, and many areas are reporting their best tourism seasons in years. and bp's also committed to america. we support nearly 250,000 jobs and invest more here than anywhere else. we're working to fuel america for generations to come. our commitment has never been stronger. >>> get ready for some more partisan agendas in the state governments across the country. that's because some january at least 37 states will be under single party control. 37 of them. with one party holding both houses of state legislatures and the governorship. and that's the largest number of states under single party control in 60 years. 24 of those 37 states will be controlled by republicans and 13 under democratic control. we'll be right back. johan comes in a porcelain vessel, crafted with care by a talented blonde from sweden. ♪ smooth, rich, never bitter, gevalia. and his new boss told him two things -- cook what you love, and save your money. joe doesn't know it yet, but he'll work his way up from busser to waiter to chef before opening a restaurant specializing in fish and game from the great northwest. he'll s
of america branch in the city's richmond district. is he scheduled to be arraigned and faced robbery and second- degree burglary charge. >>> it has been a deadly holiday weekend on northern california roads. tonight investigators are looking into a horrific crash that killed four people, including two children. the victims were in two cars that collided last night on highway 50 in el dorado county near placerville. we get new information about the crash from ktvu's patti lee. >> reporter: heather, late this afternoon a chp spokesman says three people killed in the crash are from san francisco. they are presumed to be a family with one survivor, a 10- year-old girl. chp investigators are trying to determine why this prius crossed over four lanes ever highway 50 into the path of an oncoming minivan. the collision took place near placerville just after 6:00 saturday night. >> several have been flown to area hospitals, others have been ground transported and of course we have the for the fatalities. >> reporter: only one child survived. a 10-year-old girl who was seriously injured. the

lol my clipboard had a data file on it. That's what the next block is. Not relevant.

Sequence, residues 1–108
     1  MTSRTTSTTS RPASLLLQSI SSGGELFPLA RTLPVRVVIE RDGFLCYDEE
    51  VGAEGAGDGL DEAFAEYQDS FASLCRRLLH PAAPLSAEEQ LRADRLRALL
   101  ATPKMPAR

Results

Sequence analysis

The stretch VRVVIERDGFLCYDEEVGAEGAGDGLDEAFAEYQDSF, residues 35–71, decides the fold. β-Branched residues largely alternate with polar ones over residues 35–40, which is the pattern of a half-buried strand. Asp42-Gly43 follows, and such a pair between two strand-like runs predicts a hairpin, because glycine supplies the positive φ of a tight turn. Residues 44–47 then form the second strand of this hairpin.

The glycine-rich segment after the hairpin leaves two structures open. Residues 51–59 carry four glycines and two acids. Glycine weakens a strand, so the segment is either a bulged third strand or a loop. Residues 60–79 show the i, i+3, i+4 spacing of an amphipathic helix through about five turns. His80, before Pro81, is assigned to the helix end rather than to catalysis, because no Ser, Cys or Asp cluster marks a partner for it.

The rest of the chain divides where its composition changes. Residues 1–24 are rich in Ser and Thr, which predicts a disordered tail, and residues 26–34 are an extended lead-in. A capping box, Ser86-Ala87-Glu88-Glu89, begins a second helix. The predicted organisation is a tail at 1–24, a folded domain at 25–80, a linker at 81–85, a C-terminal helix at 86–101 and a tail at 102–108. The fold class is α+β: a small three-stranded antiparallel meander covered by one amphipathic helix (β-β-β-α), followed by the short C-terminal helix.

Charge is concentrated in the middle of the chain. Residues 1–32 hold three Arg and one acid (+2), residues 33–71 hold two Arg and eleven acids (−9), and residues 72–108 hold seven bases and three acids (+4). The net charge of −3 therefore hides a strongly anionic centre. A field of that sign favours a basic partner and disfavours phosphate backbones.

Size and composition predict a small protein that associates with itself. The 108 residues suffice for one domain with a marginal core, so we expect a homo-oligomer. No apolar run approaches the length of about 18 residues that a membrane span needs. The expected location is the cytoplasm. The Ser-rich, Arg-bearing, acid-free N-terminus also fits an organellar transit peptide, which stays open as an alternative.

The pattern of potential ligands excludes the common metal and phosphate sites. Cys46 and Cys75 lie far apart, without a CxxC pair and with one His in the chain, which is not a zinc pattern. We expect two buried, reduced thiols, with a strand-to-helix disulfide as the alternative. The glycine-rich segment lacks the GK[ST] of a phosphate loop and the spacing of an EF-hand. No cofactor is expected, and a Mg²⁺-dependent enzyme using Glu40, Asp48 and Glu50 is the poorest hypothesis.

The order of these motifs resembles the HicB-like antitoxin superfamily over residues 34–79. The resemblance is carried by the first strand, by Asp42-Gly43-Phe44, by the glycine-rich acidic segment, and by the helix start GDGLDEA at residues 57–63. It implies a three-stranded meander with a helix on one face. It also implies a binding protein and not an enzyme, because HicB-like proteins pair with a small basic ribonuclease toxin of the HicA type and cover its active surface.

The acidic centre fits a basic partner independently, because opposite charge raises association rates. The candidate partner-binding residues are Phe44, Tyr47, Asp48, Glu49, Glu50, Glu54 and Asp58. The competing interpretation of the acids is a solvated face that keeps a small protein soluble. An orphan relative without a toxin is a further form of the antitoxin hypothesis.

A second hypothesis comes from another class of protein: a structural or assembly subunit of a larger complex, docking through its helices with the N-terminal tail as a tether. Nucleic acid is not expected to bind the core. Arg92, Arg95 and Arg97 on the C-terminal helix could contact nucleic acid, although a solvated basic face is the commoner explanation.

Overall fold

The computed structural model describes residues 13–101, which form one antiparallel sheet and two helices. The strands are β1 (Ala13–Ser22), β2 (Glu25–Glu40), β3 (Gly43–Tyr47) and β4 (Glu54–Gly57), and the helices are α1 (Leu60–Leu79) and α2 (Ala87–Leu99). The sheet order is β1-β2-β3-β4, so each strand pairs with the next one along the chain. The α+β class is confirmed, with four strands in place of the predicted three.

: in 1993, they went to war in waco. >> this ain't america anymore when the atf has that kind of power. >> reporter: it ended in catastrophe. 86 people dead, including at least 24 children. >> there had been nothing like this before. the siege was new and unique in america law enforcement history. >> if you distrust the government, waco is going to be symbolic to a lot of people of what they really fear. >> i'm talking to you. somebody's going to get hurt. >> if he asks god for some kind of sign and god gives it, what does that mean? >> reporter: every saturday morning, clive doyle and sheila martin study the bible. >> behold god will come with strong hand -- >> reporter: they are about all that's left in waco of the branch davidians, an offshoot of the seventh day adventist church. their religious community went back generation. it even issued its own currency during the great depression. david koresh came to the faith and its texas commune in 1981. who was he back then, to you? >> just a bum. >> reporter: former branch davidian, kathy jones, and her husband, david, had seen religious